-There seemed to be a million reasons why they might need to transfer you from the birthing center to a labor and delivery room. Laboring too long? L&D! Any hint of meconium in your fluid? L&D! Not walking around enough while in labor? L&D! Whining too much? L&D! I asked the nurse if she could give me a ballpark estimate of how many women who start their labor in the ABC end up delivering in L&D. After waffling for a few seconds about how it is on an individual basis, and she couldn't really say, and it's different for everyone, she finally spit out the figure 50/50. My heart sank.

On the drive home I felt defeated. This alternative birthing center business is the best option I have, unless we go the unassisted route, which, let's face it, is just for crazy people. I may be a hippie when it comes to birthing philosophies, but I'm no crazy hippie. Still, I struggle to see the ABC as a good option, when, to me, it could clearly be so much better.

I know I have to get over this. I have to do some mental weight lifting so that I can be strong and push through this disappointment. I know the scars from my last experience may be casting an unnecessarily harsh light upon another birth in the hospital. Also, I have reason to believe that my caregiver this time will be more compassionate and reasonable than my last doctor. And not everything about the tour was gloomy. The nurse did explicitly say that I could labor and push in any position I wanted to, as long as I was in the ABC. That's a good sign, I guess. In the end, it will be up to me to stay positive, hopeful, and confident throughout my pregnancy and my labor. It's important to keep the 'reward' in mind.

Because, while I certainly don't want to minimize the importance of the labor experience, and while I think our medical system does a bang up job of fucking with the beautiful and holy affair that birth should be, in the end, I just want another forehead to rub.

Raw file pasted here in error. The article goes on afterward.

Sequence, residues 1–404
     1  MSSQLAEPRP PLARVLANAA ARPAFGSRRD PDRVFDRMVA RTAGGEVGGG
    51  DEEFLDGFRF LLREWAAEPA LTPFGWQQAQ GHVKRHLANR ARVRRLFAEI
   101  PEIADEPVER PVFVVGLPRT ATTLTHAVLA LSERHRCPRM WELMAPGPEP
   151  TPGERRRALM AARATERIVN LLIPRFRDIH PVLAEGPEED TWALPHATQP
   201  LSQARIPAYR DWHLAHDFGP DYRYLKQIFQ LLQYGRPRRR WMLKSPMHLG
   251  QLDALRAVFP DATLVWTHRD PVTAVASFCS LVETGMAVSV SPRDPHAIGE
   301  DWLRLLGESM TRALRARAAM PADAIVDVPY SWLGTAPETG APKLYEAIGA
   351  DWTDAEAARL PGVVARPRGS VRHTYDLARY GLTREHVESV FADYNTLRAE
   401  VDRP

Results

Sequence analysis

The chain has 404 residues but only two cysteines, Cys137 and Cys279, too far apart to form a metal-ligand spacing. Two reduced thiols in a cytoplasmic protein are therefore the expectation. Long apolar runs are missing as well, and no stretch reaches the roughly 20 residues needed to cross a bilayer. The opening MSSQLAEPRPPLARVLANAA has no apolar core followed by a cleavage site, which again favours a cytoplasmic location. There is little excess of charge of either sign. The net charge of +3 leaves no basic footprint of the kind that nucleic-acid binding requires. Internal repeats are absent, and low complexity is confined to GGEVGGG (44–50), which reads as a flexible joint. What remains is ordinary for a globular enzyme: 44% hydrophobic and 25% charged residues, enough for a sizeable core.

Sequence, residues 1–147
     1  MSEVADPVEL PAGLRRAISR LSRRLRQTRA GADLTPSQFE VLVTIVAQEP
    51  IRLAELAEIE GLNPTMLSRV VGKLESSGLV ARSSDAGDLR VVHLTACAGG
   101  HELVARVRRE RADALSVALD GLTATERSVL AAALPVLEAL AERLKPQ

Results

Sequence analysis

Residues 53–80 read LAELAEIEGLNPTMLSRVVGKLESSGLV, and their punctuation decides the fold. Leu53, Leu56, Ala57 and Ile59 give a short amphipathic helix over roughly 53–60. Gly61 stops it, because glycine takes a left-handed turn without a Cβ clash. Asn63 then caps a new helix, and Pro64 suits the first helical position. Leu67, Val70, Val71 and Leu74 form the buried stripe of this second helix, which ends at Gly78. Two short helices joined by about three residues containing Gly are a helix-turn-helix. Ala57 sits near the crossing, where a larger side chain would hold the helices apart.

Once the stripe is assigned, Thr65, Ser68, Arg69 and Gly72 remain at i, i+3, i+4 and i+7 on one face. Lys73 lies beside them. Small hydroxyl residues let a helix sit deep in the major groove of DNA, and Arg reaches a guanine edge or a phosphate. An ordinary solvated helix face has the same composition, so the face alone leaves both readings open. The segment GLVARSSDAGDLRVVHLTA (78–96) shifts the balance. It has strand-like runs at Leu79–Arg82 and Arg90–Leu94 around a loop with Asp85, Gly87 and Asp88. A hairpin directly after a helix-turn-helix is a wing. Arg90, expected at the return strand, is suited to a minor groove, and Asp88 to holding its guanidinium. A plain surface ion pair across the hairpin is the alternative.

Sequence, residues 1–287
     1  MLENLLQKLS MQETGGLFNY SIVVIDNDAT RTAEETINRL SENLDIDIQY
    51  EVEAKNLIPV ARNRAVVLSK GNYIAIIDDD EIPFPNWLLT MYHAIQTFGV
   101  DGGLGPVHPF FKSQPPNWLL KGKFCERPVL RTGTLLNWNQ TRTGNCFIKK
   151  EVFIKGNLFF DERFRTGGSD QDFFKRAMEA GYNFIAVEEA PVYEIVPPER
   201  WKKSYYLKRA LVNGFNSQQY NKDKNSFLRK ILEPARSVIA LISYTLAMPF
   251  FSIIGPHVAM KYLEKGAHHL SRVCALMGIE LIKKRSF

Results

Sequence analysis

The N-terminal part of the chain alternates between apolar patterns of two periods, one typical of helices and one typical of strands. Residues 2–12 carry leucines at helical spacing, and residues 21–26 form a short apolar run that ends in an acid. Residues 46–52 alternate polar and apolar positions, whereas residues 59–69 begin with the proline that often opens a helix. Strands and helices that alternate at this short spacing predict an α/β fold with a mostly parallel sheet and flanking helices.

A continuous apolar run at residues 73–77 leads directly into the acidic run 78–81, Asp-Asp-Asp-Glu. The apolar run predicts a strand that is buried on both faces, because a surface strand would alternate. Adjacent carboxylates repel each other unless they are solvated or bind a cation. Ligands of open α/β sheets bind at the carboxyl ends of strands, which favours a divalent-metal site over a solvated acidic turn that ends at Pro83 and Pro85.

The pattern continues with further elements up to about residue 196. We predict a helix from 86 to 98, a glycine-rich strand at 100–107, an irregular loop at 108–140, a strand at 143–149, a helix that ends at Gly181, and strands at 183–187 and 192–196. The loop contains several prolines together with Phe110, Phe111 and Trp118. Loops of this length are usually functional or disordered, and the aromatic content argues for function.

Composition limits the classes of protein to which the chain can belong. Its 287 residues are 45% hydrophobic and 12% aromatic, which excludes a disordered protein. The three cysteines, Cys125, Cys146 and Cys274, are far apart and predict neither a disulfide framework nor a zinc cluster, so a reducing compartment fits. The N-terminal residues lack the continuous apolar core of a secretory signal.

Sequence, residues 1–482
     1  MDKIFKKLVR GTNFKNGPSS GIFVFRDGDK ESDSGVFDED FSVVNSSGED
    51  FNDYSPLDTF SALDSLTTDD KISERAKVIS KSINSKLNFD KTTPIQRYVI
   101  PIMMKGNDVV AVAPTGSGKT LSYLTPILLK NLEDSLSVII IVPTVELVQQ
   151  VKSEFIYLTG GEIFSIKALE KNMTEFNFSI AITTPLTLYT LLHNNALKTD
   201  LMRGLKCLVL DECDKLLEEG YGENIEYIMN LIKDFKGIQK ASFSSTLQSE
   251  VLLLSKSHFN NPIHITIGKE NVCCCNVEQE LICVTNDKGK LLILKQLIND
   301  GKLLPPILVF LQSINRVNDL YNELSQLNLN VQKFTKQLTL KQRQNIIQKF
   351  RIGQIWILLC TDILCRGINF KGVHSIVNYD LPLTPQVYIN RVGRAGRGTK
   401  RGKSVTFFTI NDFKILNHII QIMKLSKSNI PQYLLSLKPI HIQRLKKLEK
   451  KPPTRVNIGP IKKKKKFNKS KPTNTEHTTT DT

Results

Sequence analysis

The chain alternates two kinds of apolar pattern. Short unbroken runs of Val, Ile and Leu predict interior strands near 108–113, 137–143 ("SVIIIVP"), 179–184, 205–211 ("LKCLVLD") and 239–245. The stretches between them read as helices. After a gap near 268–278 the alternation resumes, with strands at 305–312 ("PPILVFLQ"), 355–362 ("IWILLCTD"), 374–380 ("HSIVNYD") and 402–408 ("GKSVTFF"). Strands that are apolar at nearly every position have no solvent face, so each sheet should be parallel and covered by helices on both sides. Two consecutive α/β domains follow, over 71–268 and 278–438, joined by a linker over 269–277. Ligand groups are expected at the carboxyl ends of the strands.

Last night before we put Simon to bed, the three of us crawled into our big bed. Simon by the wall, Nate in the middle reading Beautiful Bananas, and me on the edge. I lay on my side, left arm resting on Nate's chest, right arm stretched out past him, reaching to Simon. He let me rub his forehead and play with his hair the whole time we read. This is all I want. Another forehead to rub. Another miniature hand to hold as we cross the street. Another little person to know and behold in the most intimate ways. In that moment, as I touched his soft skin and golden hair, I knew that to have him in my life, I would go through my hellish labor, and worse, a hundred times. When this baby comes, I know I'll feel the same, regardless of what happens in the hospital.


The post directly below this one is being kept at the top of the page beyond it's normal life cycle due to the fact that unlike most posts here, it is both well written and meaningful. Please read it if you haven't. New posts can be found below it.

Sisters Just Don't Understand